Alexandra Yakovleva2020/01/21

Toning a canvas

I am so ready for a new painting to come to life. Let's start 2020 with a new piece of masterpiece! Wow that was humble!

I have quit my long-term habit of painting on white canvas a few years ago, thanks to Mark Carder videos I came across. He is a realist artist from Texas.

It makes sense to tone your white canvas in order to avoid those white specks peeking at you after the painting is finished. It gives any canvas a good base and a proper start. I usually do a very simple mixture or oil paint of my choice and turpenoid. I tend to judge proportion of turpenoid by eye and like it very runny. For this paticular painting I mixed cadmium yellow with lamp black. I don't use black in the painting itself, but for toning it worked great giving a greenish shade to it. Using a soft brush I just apply one thin coat, I mean very thin. I slighly rub it in, but it is not necessary.  The area in which I am working has a ceiling fan, that gives a proper ventilation.  When the canvas is dry in about 3-4 days, I will use a solf pencil to sketch the desired design on it. I always rely on my thumbnail sketches. 

I currently have it drying hanging on my wall. It looks great as a finished piece of art. Not for a long time.


Alexandra Yakovleva2019/12/11

Work in Progress

Painting away my new fresh piece of a masterpiece! Wow how humble, Sasha (short for Alexandra in Russia).  I am wearing my boyfriend's shirt, he can share, he's got a department store in his closet. Interestingly I haven't put a single paint mark on it. Wait till I decided not to wear it and get paint all over my own shirt. 

I prefer working quite speedy and complete a painting within a week max. For some reason stretching a pleasure for weeks is not quite for me, unless I decide on a giant size of a canvas. That might happen. Never say never.

I think one of the seasons I like to paint fast because it is like eating a delicious cake, get it all in one piece in your stomach and then dwell on satisfaction. It is also a desiger to see the complete product before the excitement and focus is gone with the wind. I am not rushing when I paint by any means, no I extend the process with a steady speed. I am in the zone. Focused. I am just going, mixing, painting. 

The technique of taking pictures of work in process is crucial. There is a better understanding of what needs to be corrected or how the piece looks from a simple photo on the phone. I do step back, yes, it has been put into my head since the Art School. That hasn't changed. But a picture on the phone gets a painting in a better focus. It's like looking at the planet from the space. 

I also like to tone my canvas. A light mixture of titanium white and burned umber with turpentine does just fine. No more painting on a white canvas with the fear of white speckles piercing  you. Put that base layer as a sheet on the bed to create a foundation for the main colors. 

Usually I don't listen to any music while I am painting, but there would be an interview, podcast or an art lecture playing in my ear. I need a voice talking not singing. Not sure why but music doesn't get me going with my art. Talk in my ear does. I have been especially enjoying energetic lectures of Jerry Saltz. I wish I could write like him. I wish I could write period.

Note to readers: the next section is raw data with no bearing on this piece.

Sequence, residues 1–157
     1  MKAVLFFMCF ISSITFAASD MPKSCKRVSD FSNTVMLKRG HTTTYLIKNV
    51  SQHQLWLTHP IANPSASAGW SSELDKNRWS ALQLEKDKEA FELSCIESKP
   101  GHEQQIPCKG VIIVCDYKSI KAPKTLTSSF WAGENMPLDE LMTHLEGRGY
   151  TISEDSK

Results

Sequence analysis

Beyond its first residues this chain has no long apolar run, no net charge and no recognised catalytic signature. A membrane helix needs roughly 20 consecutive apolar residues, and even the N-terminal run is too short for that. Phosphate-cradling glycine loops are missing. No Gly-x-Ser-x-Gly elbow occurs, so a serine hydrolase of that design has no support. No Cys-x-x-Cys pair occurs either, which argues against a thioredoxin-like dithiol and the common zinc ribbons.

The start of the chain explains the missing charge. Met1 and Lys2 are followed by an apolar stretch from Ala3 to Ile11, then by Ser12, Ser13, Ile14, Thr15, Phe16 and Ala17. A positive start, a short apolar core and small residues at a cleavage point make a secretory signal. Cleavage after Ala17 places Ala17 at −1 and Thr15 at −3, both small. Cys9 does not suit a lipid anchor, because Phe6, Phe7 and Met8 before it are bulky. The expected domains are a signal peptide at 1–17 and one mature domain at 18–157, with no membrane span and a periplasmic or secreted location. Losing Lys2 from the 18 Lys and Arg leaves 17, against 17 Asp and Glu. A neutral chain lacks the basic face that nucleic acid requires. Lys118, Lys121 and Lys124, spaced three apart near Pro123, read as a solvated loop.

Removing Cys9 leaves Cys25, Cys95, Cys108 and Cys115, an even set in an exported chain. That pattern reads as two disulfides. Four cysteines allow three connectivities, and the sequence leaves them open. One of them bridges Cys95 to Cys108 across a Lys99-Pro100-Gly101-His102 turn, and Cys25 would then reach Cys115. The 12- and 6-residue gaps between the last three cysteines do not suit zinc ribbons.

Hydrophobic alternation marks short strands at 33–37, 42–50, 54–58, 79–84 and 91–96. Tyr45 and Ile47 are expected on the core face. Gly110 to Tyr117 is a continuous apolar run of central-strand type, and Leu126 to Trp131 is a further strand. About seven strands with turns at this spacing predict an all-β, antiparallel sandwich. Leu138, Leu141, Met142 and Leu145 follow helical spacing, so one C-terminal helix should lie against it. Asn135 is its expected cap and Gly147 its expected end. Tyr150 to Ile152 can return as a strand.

That is about it about my Work in progress. 







Alexandra Yakovleva2019/11/12

Kaliningrad Museum of Fine Arts

This Fall I went back home. To Russia. How excited it was to discover that the main Art Museum in town found a new home. The picture above and below shows a new location for the Kaliningrad Museum of Fine Arts. It is situated in an old Stock Exchange building, which was build almost 150 years ago. What a perfect architectural fit for art. What do you think? 


We  went with my mom to see an exhibition which made its travel from the State Russian Museum in Saint-Petersburg. I am glad art still travels! The artist Anna Ostroumova-Lebedeva deeply struck us with her stunning woodcut artwork for which she was a pioneer. In fact she uplifted this traditional art form by producing a limited number of sophisticated prints.


Below is a six color woodcut. 

Summer Garden.

In her watercolor paintings she mainly depicted Saint-Petersburg and European cityscapes. In oils she did portraits and interior paintings. I am glad the exhibiton had a little bit of everything, which gave a full picture of her many talents in different art mediums.


Alexandra Yakovleva2019/11/01

My special signature

How do you sign your work? Do you have a special signature?

I do. And this image above is humbly small. I couldn't resize it. Obviously I am very new to my very new website. 

This specail signature which I have been signing my paintings since at least 1996 has been created by my dear mom. She turned out to have a genius mind! It is not just an "A "looking letter it is a combination of three firs letters of my first, middle and last names in Russian. We use Cyrillic alphabet so no latin letters can be found. I love this signature so much I put it on my official stamp to solid my art with true authenticity.

Signing your work is crucial, it is vital to put that last finishing touch to firmly seal the name of the creator. Leave that signature in history for posterity. You never know what travels your art piece will make. It might be discovered one hundred years later in a desert and no one will know who it is unless it is signed. 

Make sure to always sign your masterpiece (or just an art piece)

BILLY SMITH

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